Tuesday, 29 November 2011

Evaluating your Online Presence

Micro-communications, in the form of social media, present possibly the only true two-way communication source for a PR practitioner. Crucially, social media channels have changed the way individuals communicate, and this means increased transparency for tomorrow's graduates.

According to Facebook, there are more than 800 million active users, and more than 50% of these log in each day. On average, more than 250 million photos are uploaded every day (and considering Facebook are automatically assigned intellectual property rights over these photos, it's scary to think how quickly Facebook alone could build an online profile of any individual...)

Googling yourself may seem voyeuristic or egotistical, but its the first place to start in understanding your online presence, and you can bet any media-savvy employer will also make this their first port of call.

Google Search for my name - show's mostly Twitter and LinkedIn profiles

So, here's a few pointers on evaluating and smartening online presence:

1. Consistency - making your 'online brand' work for you involves maintaining a consistent feel across all channels, much how an organisation has a company house style or corporate logo. Using the same username 'laurenvhockey' on Twitter, LinkedIn and for a Gmail address means I'm easier to search for, you won't get be confused with other Lauren Hockey's (although there aren't that many) and it also looks neat on business cards and a CV. In the same way, using the same profile picture reassures people that they have located the right individual. I've kept my LinkedIn, Twitter and G+ profile photo matching deliberately - as G+ is still an emerging platform, and as Twitter users begin to filter into my circles, seeing my mugshot assures them that they've landed in the right place. I've always kept Facebook that little bit more personal, and so my profile photo may be different - but my privacy settings are tight and I wouldn't accept a friend request from a potential employer (assuming they were a total stranger and not a 'friend'). That doesn't mean I'm careless with Facebook though - which leads on to the next point...

2. Beware Carelessness - I've always viewed Facebook as the more personal channel, where I interact with uni friends on a more informal basis - but that doesn't mean I'm careless. Information posted online is, in effect, available forever, and posting offensive comments or even ones that imply laziness could go against you if a potential employer see's them. Ensure privacy settings are tight, or better still, don't post it in the first place. If you're worried photographic evidence of your weekend antics might incriminate you, change the settings so that you have to review each photo before it appears on your profile. (Or better still...don't get into the situation in the first place..!)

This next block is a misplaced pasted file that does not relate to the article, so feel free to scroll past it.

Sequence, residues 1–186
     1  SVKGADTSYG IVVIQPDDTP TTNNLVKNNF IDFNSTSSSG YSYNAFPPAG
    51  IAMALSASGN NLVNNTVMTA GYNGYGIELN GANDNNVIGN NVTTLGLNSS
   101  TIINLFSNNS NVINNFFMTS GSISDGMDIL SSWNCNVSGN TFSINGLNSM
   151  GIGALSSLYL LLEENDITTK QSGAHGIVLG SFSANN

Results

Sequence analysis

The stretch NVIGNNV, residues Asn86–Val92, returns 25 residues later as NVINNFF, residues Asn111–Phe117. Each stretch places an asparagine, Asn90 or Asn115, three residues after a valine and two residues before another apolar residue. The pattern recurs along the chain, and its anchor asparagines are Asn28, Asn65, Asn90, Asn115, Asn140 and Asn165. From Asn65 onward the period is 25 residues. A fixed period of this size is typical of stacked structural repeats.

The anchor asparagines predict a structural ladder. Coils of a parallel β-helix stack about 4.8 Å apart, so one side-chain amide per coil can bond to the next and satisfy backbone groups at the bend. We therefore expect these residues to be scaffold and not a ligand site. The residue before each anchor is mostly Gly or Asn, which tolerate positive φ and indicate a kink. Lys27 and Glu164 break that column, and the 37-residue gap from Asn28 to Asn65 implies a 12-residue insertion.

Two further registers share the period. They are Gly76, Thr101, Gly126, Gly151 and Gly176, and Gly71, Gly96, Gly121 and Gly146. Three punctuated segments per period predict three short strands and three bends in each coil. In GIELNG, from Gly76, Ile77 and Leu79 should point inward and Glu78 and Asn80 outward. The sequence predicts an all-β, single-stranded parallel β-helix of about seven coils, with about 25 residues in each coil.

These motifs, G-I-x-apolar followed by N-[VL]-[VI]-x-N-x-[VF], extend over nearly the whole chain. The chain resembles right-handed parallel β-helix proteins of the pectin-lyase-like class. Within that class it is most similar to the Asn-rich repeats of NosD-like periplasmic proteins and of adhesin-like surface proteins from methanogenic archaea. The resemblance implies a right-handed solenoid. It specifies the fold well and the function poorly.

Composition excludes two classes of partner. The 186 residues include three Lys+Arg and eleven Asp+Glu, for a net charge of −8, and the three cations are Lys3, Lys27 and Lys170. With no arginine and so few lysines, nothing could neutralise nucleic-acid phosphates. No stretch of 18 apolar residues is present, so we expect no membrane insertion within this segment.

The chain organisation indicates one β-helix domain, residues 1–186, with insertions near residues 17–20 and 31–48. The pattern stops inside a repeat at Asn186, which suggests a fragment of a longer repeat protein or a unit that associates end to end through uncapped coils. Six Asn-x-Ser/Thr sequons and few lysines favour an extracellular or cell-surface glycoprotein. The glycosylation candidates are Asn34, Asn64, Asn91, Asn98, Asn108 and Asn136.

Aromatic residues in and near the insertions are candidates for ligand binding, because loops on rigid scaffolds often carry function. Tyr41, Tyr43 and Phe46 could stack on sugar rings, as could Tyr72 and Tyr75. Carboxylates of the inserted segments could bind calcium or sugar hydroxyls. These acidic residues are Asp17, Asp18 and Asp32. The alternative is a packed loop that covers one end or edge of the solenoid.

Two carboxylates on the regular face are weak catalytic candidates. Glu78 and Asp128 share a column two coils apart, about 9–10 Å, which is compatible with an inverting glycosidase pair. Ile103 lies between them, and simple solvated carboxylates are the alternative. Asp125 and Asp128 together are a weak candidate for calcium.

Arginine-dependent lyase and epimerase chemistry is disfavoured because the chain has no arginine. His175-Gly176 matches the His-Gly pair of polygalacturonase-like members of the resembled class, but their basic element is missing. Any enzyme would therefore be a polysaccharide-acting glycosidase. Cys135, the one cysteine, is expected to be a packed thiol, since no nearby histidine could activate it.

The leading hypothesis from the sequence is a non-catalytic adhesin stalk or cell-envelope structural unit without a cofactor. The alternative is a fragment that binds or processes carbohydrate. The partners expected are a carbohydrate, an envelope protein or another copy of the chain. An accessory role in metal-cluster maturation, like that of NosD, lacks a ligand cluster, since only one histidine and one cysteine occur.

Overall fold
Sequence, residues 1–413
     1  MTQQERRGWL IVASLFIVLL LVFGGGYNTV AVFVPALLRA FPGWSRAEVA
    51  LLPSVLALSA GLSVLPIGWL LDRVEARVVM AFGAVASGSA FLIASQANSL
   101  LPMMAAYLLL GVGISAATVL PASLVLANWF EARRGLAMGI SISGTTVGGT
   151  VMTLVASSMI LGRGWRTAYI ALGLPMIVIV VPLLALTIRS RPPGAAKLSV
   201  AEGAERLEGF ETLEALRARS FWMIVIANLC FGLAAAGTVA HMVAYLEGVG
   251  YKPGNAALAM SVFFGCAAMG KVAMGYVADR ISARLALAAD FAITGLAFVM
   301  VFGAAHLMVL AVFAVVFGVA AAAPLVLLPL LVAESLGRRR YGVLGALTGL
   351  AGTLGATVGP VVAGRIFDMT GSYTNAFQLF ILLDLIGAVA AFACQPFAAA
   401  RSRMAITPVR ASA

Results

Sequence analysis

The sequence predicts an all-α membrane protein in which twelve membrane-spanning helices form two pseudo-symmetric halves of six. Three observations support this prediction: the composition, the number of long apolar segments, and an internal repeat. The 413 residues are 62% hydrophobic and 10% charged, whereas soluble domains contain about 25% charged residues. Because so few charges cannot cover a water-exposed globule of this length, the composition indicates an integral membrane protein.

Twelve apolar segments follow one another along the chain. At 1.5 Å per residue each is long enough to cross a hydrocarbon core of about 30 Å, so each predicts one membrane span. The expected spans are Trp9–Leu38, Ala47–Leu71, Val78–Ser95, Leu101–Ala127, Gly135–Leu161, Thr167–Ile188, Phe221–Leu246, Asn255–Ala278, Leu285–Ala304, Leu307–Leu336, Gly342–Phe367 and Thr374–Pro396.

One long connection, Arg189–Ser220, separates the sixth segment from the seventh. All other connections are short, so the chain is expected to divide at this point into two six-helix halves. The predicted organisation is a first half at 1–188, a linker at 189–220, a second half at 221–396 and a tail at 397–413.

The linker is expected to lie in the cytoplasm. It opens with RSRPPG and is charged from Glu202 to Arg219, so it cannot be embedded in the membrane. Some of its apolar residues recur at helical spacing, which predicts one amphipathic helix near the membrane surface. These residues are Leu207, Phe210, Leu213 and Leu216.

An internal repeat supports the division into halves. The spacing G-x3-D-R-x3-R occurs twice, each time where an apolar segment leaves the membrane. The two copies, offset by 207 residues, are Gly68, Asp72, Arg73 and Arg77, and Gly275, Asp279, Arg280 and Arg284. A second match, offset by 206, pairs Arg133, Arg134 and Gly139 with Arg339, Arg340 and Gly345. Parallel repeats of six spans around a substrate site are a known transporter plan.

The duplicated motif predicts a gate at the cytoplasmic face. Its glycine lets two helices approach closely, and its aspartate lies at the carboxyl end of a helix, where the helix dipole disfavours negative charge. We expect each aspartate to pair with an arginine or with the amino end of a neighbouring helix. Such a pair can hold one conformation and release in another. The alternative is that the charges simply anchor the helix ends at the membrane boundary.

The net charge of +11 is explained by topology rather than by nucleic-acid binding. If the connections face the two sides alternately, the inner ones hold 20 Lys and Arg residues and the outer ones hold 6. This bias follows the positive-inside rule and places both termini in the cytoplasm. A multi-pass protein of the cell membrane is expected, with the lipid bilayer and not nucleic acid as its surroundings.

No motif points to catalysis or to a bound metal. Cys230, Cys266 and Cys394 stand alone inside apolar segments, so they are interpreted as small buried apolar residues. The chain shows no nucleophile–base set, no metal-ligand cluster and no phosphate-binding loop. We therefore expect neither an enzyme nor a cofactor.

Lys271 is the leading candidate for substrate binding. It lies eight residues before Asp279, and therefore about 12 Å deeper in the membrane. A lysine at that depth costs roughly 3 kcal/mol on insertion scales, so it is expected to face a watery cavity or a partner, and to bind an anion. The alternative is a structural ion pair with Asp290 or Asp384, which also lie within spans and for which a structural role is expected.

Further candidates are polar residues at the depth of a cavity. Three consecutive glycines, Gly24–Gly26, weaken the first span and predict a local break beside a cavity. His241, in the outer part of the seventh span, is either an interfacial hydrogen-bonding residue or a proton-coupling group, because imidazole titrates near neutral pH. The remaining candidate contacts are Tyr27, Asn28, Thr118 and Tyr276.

3. Be Concise - keeping your Twitter bio or LinkedIn summary short and punchy will maintain an employer's interest; rather than waffling about your personal qualities, briefly state your experience and interest. Including a comical reference, especially on Twitter, provided it's not offensive, will also show you don't take yourself too seriously.
In the same way, Tweets should be interesting and to the point. I admit, I've used Twitter to vent and occasionally make a mundane observation about mince pies or the weather; interspersing these with knowledgeable, engaging and thought-provoking Tweets, be it links to articles/blogs, or your comment on the day's news stories, will show you can balance life and work perfectly.

4. Follow the right people - if you use Twitter in a professional capacity, or one that's intended to enhance your career prospects, you're better off following industry bodies or associations than keeping up with what Lady Gaga had for lunch. Showing an enthusiasm for the industry means you may even get a follow back - which can make all the difference, meaning your name may come up if someone they know is recruiting.

Performing a Google search of your own name at least once a month - or more frequently if you are actively job hunting - and adhering to these rules will ensure you don't fall into the common trap of TMI (Too Much Information).

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